"Turn here!" I screeched, and we turned onto a disused dirt road in a cload of dust that would have made the Duke boys proud. We dodged, we weaved, we tried to lose them on oil well roads, but they just kept coming. There was no shaking them. They stuck to us like a social disease.
"Oh great," I thought, "we are going to die trying to escape the early-bird special crowd!" And in a straight away, Old Man Towncar passed us and cut us off. There was no getting away. There was no place to run to, no place to hide. We were busted.
They called the cops, and while we waited for them Old Man Towncar read us the Riot Act.
In retrospect, we did have it coming. What I had done was stupid, rude, and potentialy dangerous. I been a jerk to a random stranger who was a veteran, (U.S.M.C. tattoo on his forearm) a good driver, and probably a solid citizen who was enjoying his retirement to it's fullest, and I had scared the bejesus out of his wife. I would have rather he beat the crap out of us for being so dumb, spent the night in jail, and had to pay a hefty fine, rather than sit there for five more minutes and listen to him explain in detail how we had gone so horribly wrong and how we represented the lawlessness of this community.
I felt about one inch tall.
The cop showed up. He took their statements and information, and sent them on their way with an assurance that justice would be done swiftly.
He sent Mike and Tim home with a stern warning, and he escorted me home in the squadcar.
He was probably my age now, mid to late thirties, mustache, and getting a little soft in the middle. I tried to make polite conversation as he retraced the route home that I had only traveled forty minutes ago. I asked him why he left his PR-24* in the backseat and not up front with him. "Let me guess," he said with a smile, "your dad's a cop?"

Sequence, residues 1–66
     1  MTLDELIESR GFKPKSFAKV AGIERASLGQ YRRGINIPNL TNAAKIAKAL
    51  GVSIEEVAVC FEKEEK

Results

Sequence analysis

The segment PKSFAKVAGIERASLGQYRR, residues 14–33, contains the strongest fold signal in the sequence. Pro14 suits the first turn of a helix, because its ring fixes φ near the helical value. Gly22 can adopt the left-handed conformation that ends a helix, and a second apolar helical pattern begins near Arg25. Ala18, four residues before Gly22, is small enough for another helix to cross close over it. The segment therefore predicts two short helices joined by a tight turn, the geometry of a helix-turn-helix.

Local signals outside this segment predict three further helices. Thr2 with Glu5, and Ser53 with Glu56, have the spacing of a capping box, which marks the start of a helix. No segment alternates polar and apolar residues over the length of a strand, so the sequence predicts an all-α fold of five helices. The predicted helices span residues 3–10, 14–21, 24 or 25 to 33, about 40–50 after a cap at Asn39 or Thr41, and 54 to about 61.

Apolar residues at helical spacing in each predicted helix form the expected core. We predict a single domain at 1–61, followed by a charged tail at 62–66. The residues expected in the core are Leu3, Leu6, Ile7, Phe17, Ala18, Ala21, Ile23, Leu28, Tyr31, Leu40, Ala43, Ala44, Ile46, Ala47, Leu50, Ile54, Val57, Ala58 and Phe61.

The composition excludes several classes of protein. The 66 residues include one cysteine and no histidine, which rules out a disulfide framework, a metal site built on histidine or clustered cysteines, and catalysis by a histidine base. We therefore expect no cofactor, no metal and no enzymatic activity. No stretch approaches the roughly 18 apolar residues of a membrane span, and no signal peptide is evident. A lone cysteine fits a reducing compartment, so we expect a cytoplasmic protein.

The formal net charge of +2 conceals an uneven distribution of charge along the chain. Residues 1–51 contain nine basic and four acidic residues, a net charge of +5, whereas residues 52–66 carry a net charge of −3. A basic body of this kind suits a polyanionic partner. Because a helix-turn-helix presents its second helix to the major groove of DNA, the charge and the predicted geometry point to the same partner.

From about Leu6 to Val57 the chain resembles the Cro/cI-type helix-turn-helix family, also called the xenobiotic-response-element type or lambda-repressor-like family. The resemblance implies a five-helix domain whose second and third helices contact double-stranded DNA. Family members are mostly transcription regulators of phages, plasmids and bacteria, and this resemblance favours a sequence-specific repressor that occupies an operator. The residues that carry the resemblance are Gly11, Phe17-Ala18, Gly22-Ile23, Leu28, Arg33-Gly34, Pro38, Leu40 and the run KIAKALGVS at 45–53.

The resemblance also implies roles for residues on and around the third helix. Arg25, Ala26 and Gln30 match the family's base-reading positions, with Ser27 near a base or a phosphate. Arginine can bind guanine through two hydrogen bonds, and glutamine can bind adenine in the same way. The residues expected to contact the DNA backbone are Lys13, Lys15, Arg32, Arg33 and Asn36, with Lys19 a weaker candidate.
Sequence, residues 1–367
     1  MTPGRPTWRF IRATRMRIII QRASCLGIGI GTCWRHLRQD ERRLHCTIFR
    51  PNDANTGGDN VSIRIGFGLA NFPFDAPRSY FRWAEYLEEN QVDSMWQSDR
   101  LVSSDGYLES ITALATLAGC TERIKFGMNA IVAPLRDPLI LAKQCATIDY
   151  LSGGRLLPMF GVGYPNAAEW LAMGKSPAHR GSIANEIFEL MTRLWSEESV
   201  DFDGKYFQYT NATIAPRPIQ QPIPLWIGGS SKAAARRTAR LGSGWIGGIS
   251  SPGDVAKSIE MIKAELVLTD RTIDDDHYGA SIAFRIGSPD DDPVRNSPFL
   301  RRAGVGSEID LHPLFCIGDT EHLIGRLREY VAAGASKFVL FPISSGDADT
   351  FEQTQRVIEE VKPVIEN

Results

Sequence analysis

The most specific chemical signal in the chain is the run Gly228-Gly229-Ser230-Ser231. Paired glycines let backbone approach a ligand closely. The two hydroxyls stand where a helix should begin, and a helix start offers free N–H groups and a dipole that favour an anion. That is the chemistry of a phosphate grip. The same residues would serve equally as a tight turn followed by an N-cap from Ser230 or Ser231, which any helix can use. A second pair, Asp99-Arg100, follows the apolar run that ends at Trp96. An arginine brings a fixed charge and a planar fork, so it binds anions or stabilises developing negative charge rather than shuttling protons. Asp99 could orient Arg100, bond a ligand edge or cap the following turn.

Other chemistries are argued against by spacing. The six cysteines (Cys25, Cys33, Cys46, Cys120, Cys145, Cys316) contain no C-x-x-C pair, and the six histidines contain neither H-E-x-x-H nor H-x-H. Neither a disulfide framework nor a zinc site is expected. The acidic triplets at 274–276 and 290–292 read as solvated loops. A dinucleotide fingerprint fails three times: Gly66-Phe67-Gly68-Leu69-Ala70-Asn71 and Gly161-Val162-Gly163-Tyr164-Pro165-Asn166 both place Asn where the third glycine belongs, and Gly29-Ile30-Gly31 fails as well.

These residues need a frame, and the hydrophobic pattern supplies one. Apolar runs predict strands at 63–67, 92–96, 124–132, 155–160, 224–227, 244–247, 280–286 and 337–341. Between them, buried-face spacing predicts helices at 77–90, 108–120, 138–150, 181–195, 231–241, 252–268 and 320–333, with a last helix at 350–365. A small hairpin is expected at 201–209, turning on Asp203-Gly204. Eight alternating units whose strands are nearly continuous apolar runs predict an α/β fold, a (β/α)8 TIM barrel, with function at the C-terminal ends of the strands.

"No," I said, "but my brother and my cousin are." He asked their names and made a mental note of it as he stroked his mustache.
Needless to say, my mother was very surprised to see her young teenaged boy climbing out of the cruiser that was parked in our driveway. My father was poised, fork in mid air, reaching for the porkchops that rested next to him on the dining room table when I came in. I could see the blind red fury building in his face, not so much because his baby boy had done something stupid, gotten caught, and was escorted home by an officer of the law, but the fact that his hot porkchop dinner was now going to have to be split three ways instead of two.
The officer gave a very brief summary of what had happened and left just as quickly as polite society dictated. On his way out, I swear I heard him snicker.
My mother screamed at me in a way that only a mother can, "You go to your room and think about what you have done!" And not to be left out of his role as parent, my father added, "And no dinner for you tonight," which returned the division of the evening meal to a ratio he liked.
Needless to say, I learned my lesson well.
The next time I went off to do something stupid, I drove.
* PR stands for public relations. 24 is it's length.